Make It a Practice
Wholehearted Self-Love comes when we continue to practice acts of self-care regularly, over a long period of time, and with joy. I emphasize the last element – joy. If we have not cultivated the sincerity and respect for our practice, it loses its underlying, sustaining intention and instead becomes a continuous, conditional struggle.
Patience: We know that the day we plant the seed is not the day we eat the fruit – the seeds being self-awareness and self-compassion, and the water being the continual acts of self-nurturance. The delectable fruit being Self-Love. Good things take time, and Self-Love is an exploration, not an accomplishment.
Flexibility & Adaptability: Most importantly, we must meet ourselves where we are at, and to both accept and forgive our limitations for that day. All of our mental and emotional bandwidths have been in short supply during this time – not just our Internet. Please note: Acceptance does not mean we have to like it, but rather that we allow it.
Connect With Others
Deliberately connect (or re-connect!) with those outside of work contexts, and more importantly within your various social cohorts over a medium that is not the one that has become my status quo. When I find myself feeling lonely in response to our inherent need to connect, I will leave a voicemail for a friend, drop a meme on that dormant text thread, write a letter, or simply close my eyes to conjure up the image of someone else.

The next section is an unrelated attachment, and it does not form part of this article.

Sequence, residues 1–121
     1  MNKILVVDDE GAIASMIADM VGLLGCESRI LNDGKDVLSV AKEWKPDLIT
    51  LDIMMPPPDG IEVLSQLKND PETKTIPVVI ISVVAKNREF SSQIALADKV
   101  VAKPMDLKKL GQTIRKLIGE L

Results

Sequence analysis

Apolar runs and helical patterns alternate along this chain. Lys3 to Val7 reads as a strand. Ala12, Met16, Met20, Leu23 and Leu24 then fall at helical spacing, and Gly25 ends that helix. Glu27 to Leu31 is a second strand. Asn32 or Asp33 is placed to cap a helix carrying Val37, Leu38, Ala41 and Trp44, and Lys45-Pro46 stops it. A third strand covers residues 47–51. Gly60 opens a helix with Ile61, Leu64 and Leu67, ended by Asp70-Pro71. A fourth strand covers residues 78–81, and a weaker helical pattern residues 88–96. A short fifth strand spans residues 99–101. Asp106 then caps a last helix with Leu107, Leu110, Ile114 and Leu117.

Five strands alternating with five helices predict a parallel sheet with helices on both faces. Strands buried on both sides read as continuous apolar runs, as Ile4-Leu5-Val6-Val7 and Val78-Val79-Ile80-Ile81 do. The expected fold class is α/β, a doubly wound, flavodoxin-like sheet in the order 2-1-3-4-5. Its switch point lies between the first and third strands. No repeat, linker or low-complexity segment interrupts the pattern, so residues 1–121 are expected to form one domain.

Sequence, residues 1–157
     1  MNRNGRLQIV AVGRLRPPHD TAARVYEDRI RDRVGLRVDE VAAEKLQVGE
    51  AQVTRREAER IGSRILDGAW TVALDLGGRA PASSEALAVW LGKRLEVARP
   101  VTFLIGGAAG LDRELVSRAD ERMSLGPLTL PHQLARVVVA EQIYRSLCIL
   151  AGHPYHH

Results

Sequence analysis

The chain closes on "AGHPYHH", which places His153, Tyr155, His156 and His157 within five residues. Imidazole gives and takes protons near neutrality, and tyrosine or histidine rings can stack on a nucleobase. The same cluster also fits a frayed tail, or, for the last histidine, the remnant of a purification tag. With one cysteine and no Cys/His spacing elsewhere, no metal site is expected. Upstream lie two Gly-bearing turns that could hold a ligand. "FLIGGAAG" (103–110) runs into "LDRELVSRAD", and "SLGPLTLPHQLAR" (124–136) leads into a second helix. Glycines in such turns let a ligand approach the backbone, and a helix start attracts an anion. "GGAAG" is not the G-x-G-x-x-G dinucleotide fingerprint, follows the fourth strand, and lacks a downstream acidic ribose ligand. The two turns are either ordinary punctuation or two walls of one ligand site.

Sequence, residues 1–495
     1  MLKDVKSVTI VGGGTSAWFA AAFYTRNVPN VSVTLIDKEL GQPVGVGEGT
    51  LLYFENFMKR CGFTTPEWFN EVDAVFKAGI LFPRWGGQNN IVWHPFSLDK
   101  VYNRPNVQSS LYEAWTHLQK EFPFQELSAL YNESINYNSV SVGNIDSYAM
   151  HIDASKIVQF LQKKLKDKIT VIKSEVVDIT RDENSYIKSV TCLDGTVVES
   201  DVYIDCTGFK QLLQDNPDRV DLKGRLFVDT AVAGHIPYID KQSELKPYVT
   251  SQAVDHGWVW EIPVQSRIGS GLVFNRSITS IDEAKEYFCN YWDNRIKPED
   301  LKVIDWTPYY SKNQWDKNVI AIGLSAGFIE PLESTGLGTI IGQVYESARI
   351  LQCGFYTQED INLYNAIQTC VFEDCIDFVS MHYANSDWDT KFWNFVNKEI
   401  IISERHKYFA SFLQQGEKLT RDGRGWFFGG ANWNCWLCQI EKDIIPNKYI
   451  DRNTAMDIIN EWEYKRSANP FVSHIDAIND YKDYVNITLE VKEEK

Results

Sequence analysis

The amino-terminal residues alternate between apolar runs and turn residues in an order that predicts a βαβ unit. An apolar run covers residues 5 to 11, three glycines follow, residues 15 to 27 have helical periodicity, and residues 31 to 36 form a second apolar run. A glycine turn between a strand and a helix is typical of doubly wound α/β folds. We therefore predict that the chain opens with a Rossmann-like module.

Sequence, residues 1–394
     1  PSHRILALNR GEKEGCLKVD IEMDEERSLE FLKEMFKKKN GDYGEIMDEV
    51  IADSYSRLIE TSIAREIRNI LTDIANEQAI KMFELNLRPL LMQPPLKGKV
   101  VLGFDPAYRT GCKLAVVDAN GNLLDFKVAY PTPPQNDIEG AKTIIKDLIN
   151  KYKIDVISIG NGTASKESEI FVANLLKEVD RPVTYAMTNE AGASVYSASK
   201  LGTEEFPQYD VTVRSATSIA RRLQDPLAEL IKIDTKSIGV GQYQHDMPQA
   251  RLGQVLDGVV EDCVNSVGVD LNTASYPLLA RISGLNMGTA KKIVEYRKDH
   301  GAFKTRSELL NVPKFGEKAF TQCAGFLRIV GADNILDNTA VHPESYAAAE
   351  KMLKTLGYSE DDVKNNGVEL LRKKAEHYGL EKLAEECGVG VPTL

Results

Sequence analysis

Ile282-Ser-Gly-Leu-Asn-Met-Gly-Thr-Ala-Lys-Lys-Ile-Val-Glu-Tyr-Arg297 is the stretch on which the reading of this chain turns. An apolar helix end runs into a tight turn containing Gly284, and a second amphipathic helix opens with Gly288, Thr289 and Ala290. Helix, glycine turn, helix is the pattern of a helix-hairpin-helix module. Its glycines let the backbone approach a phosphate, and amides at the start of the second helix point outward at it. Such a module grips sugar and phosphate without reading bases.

Look to Nature to Nurture
At times when you find yourself problem-solving your way through life, only to bear the fruitless responses of our intellectual brains, I encourage you to look to nature. Somehow the answer organically reveals itself. Like flowers waiting for the rain, the sensations of the body are waiting to be listened and attended to.
Next time you are meandering outside, I encourage you to locate something that may teach you about nurturance. Place your full attention on this, inviting the secret truths of Mother Nature to open up to you. After all, She too, looks for the support of others through the dynamic, symbiotic relationships she develops.
Search for the Sacred
Lastly, learn spiritual practices that are healing and offer resilience. Some examples include: mindfulness, prayer, spending time in nature, journaling, practicing gratitude, energetic clearings, and shadow work.